An inexpensive honey press in use

The design of this press is essentially the same as James D. Satterfield's press as illustrated at, except that the surfaces contacting honey have been replaced with food grade stainless steel. It cost very little to make as the wood was scrap/recycled, the jack from a scrapped car, the bolts and varnish left over from other jobs. The plates were bought new as offcuts from a stainless steel fabricator for 20.

The two uprights are 4 x 2 inches nominal. The four horizontal beams are 4 x 1 inches nominal. The plates are 12 x 24 inches, tapered at the bottom as better illustrated in the angled view (below). The width is determined by the maximum desired bag size (here 7.5 inches when full), the depth and travel of the jack and the thickness of the bracing timbers. The tongue and groove boards contacting the plates are three quarters of an inch nominal. The thicker bracing timbers are 2 inches thick nominal. The stainless steel rod is 5/8" thick. The unit dismantles into 15 pieces for easy stowage. The plates need to be a lot wider than the bag as the latter spreads under compression.

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Above: press loaded with drained honeycomb ready for pressing. The bag is tied to the rod with string.

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Above left: close-up of bag, rod and plates.  Above right: pressing well advanced.

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Above left and right: honey collecting in bowl resting on the removable table.

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Above: pressing complete

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Above: bag of comb after pressing.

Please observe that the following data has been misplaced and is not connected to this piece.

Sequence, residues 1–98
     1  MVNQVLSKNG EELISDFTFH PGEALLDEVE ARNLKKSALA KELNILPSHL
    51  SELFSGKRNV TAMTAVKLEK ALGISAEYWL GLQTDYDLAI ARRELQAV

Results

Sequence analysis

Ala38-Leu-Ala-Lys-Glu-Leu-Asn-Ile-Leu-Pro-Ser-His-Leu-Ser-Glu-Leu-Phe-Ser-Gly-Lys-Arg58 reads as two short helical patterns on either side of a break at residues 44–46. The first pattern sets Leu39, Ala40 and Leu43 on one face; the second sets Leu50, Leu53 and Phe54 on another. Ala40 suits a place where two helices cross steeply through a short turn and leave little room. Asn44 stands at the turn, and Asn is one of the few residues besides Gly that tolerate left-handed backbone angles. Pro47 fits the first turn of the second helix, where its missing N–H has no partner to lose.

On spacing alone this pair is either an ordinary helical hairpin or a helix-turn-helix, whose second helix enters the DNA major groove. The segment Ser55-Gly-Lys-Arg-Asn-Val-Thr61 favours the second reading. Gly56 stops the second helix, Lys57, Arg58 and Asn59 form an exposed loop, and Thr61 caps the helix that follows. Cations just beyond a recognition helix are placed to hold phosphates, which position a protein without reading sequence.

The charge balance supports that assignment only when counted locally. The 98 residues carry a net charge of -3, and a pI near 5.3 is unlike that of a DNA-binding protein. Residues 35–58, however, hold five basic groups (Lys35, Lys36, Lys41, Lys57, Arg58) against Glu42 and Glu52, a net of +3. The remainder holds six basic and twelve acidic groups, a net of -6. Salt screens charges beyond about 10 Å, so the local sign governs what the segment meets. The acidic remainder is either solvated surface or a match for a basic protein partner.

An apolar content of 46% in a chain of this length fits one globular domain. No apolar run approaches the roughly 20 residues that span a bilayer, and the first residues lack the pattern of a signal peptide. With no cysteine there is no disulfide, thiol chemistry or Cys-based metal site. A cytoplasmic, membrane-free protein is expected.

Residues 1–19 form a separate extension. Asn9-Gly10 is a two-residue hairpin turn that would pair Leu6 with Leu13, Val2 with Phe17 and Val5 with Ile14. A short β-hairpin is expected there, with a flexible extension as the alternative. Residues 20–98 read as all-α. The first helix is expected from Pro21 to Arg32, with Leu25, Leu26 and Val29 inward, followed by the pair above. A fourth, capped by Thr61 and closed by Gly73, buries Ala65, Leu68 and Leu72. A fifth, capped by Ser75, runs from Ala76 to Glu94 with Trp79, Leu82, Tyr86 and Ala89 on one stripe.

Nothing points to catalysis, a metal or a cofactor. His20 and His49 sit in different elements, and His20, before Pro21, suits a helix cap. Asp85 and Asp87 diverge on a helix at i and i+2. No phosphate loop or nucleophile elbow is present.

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Above: angled view of press.

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Above: pressed comb removed from bag. This is washed free of residual honey, dried and put in a solar extractor.

When pressing it is important not to go too fast because of the risk of bursting the bag. A turn of the screw can be given from time to time when passing. The tapering at the bottom of the plates was supposed to help guide the honey into the receiver. It proved not to be fully effective. The press is easy to clean. Just rinse the plates under a tap or with a jet from a hose pipe and wipe off any honey that got onto the rod.

More recently I have found that it is more convenient to press whole combs without the use of a bag. Combs of the same size are stacked together, and loaded into the press with the press tilted through 90 degrees so that the plates are horizontal. Gentle pressure is applied to hold the combs in place while the press is righted. Further pressure is then applied, gradually ay first so as not to burst the combs. They act as their own strainer and the honey runs out clear relatively free of particles.

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David Heaf's bee index